Hearing Loss in Infants with Microcephaly and Evidence of Congenital Zika Virus Infection - Brazil, November 2015-May 2016

MMWR Morb Mortal Wkly Rep. 2016 Sep 2;65(34):917-9. doi: 10.15585/mmwr.mm6534e3.


Congenital infection with Zika virus causes microcephaly and other brain abnormalities (1). Hearing loss associated with other congenital viral infections is well described; however, little is known about hearing loss in infants with congenital Zika virus infection. A retrospective assessment of a series of 70 infants aged 0-10 months with microcephaly and laboratory evidence of Zika virus infection was conducted by the Hospital Agamenon Magalhães in Brazil and partners. The infants were enrolled during November 2015-May 2016 and had screening and diagnostic hearing tests. Five (7%) infants had sensorineural hearing loss, all of whom had severe microcephaly; however, one child was tested after receiving treatment with an ototoxic antibiotic. If this child is excluded, the prevalence of sensorineural hearing loss was 5.8% (four of 69), which is similar to that seen in association with other congenital viral infections. Additional information is needed to understand the prevalence and spectrum of hearing loss in children with congenital Zika virus infection; all infants born to women with evidence of Zika virus infection during pregnancy should have their hearing tested, including infants who appear normal at birth.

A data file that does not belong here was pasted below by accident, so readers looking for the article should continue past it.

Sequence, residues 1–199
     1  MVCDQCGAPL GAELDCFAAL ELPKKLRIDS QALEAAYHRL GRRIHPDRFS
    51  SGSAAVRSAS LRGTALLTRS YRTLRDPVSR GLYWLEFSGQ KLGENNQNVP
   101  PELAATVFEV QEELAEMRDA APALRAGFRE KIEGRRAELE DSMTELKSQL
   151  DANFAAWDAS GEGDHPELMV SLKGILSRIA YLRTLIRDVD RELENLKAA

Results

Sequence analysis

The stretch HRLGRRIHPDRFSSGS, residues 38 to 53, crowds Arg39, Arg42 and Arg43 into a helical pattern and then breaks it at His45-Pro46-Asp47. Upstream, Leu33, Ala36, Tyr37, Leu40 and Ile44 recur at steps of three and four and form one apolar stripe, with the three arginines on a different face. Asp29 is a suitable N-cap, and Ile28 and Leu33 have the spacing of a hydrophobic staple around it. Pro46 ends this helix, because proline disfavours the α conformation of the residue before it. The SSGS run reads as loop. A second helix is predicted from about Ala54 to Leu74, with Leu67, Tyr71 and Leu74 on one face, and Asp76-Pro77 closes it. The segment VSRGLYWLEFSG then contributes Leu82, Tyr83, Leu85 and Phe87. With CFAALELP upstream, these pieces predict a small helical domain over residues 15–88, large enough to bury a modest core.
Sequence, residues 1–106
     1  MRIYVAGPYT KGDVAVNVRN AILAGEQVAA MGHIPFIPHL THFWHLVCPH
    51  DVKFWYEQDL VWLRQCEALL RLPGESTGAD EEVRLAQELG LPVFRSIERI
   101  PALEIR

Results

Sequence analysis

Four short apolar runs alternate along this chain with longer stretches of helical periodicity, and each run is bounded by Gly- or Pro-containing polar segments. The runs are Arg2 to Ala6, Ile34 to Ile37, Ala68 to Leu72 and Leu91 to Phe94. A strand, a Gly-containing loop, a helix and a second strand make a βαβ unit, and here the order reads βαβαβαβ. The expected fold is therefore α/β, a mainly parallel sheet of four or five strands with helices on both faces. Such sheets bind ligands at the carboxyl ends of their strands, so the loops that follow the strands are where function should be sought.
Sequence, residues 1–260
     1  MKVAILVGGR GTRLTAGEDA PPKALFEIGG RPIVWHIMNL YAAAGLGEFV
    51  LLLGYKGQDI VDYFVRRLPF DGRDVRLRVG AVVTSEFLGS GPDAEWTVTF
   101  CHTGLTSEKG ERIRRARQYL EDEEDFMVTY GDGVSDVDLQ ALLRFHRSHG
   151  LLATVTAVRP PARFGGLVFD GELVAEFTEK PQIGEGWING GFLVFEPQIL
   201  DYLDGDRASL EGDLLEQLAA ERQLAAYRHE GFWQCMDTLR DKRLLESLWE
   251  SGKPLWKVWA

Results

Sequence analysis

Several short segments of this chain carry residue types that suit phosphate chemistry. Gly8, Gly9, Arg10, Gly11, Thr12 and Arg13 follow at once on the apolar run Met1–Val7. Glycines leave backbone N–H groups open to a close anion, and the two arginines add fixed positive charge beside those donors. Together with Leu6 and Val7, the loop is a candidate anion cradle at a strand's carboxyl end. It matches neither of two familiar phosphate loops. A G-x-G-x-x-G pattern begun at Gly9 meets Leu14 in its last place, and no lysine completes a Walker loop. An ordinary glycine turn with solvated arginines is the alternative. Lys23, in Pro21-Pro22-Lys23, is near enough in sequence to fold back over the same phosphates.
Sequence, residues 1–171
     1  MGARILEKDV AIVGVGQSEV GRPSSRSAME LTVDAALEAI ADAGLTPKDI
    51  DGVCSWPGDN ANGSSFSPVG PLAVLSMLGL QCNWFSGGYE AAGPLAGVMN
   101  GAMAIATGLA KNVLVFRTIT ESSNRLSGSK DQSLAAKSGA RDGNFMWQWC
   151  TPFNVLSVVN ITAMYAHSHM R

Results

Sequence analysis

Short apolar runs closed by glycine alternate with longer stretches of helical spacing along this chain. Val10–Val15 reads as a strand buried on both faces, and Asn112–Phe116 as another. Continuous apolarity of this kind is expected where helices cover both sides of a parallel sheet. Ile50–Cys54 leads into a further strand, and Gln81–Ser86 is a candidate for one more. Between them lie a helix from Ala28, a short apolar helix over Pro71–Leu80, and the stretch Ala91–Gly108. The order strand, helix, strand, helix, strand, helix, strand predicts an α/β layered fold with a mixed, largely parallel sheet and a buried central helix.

MeSH terms

  • Brazil / epidemiology
  • Female
  • Hearing Loss / epidemiology*
  • Hearing Loss / virology
  • Hearing Tests
  • Humans
  • Infant
  • Infant, Newborn
  • Infectious Disease Transmission, Vertical*
  • Male
  • Microcephaly / epidemiology*
  • Microcephaly / virology
  • Neonatal Screening
  • Pregnancy
  • Pregnancy Complications, Infectious / epidemiology*
  • Retrospective Studies
  • Zika Virus / isolation & purification
  • Zika Virus Infection / congenital*
  • Zika Virus Infection / diagnosis
  • Zika Virus Infection / epidemiology
  • Zika Virus Infection / transmission